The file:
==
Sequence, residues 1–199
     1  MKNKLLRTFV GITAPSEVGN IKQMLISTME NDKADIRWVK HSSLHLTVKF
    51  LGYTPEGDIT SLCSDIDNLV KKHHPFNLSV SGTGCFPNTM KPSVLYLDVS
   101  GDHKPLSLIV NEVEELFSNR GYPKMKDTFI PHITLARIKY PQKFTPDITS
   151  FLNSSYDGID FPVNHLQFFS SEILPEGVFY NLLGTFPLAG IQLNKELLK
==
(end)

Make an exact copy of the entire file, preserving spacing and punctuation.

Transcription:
Sequence, residues 1–199
     1  MKNKLLRTFV GITAPSEVGN IKQMLISTME NDKADIRWVK HSSLHLTVKF
    51  LGYTPEGDIT SLCSDIDNLV KKHHPFNLSV SGTGCFPNTM KPSVLYLDVS
   101  GDHKPLSLIV NEVEELFSNR GYPKMKDTFI PHITLARIKY PQKFTPDITS
   151  FLNSSYDGID FPVNHLQFFS SEILPEGVFY NLLGTFPLAG IQLNKELLK